{{for|criticisms of the Scottish Parliament Building|Scottish Parliament Building#Controversy}}File:Wfm scottish parliament construction.jpg|thumb|right|upright|Enric Miralles' Scottish Parliament complex in Holyrood Park during construction. The building was completed in 2004. Above and behind the new Scottish Parliament is the neoclassical Old Royal High SchoolOld Royal High SchoolThe resignation of Henry McLeish as First Minister, brought on by an office expenses scandal,NEWS,weblink Text of Henry McLeish's resignation speech to the Scottish Parliament, The Guardian, 14 November 2006, London, 9 November 2001, generated controversy in the first years of the Scottish Parliament.WEB,weblink Peeblin' Wi' Stanes: Assessing the Scottish Parliament, 1999–2003, David McCrone, 8 April 2003, Institute of Governance, 14 October 2006,weblink" title="web.archive.org/web/20061022021052weblink">weblink 22 October 2006, yes, Various academics have written on how the Scottish Parliament can be improved as a governing institution.WEB,weblink How Can the Scottish Parliament Be Improved as a Legislature, Paul Cairney, 13 May 2013, Scottish Parliamentary Review,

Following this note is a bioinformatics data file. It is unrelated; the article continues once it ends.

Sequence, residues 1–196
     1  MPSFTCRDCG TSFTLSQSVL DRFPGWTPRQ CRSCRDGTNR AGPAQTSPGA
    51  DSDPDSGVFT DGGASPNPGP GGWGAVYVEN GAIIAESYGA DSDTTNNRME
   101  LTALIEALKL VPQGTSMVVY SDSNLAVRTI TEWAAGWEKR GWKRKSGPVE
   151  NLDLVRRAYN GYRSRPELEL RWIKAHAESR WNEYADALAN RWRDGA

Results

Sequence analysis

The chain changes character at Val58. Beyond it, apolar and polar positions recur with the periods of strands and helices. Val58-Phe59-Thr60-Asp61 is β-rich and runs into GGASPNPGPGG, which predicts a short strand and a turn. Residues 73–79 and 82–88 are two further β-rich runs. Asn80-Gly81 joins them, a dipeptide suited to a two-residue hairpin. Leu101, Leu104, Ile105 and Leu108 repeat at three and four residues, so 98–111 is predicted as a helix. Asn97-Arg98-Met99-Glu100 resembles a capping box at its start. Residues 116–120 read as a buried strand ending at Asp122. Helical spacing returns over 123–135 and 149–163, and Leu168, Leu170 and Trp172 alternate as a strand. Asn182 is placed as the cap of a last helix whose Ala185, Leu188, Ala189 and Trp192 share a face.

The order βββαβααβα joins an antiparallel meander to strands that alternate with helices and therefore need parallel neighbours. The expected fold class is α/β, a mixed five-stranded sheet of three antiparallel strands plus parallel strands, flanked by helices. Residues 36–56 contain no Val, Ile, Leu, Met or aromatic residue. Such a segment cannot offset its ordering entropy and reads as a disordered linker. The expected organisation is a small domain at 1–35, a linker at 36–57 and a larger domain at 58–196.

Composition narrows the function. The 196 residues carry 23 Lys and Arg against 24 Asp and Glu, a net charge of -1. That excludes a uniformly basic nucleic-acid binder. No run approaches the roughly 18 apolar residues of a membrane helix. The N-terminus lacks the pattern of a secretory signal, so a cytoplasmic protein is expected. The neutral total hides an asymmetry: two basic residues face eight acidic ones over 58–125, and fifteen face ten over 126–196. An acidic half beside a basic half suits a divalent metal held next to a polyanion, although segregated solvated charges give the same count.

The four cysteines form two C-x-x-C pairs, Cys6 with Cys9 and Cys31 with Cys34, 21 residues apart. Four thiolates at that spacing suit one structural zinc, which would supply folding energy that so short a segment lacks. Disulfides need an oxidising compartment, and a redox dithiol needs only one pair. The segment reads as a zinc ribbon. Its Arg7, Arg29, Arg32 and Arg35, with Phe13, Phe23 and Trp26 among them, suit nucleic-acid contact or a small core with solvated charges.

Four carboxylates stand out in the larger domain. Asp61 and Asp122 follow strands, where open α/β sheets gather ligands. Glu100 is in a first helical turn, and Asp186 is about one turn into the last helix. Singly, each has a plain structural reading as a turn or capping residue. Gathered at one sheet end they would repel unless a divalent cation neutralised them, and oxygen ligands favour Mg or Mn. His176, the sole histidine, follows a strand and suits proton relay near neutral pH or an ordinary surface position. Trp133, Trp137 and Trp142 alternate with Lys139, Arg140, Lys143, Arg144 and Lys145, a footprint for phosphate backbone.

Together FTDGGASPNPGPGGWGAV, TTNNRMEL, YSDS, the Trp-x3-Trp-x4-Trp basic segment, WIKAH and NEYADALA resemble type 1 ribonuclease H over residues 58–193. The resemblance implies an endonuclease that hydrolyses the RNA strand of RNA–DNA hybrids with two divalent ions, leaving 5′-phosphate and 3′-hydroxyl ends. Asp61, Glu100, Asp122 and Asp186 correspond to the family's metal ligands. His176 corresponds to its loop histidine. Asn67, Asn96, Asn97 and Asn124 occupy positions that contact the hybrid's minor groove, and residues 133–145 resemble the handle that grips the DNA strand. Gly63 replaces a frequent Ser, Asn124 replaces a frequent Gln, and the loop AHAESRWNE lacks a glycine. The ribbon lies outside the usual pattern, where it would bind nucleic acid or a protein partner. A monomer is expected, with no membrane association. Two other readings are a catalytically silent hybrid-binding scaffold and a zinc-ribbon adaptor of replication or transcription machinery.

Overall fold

West Lothian question

A procedural consequence of the establishment of the Scottish Parliament is that Scottish MPs sitting in the UK House of Commons have been able to vote on domestic legislation that applies only to England, Wales, and Northern Ireland – whilst English, Scottish, Welsh and Northern Irish Westminster MPs are unable to vote on the domestic legislation of the Scottish Parliament. This phenomenon is known as the West Lothian question and has led to criticism.NEWS,weblink The West Lothian Question, Oonagh Gay, 26 June 2007, House of Commons Research Paper, 9 February 2007, PDF,weblink" title="web.archive.org/web/20070102063652weblink">weblink 2 January 2007, Following the Conservative victory in the 2015 UK election, standing orders of the House of Commons were changed to give MPs representing English constituencies a new "veto" over laws only affecting England, known as English votes for English laws.NEWS, New 'veto' announced for English MPs, BBC News, 2 July 2015,weblink 4 July 2015,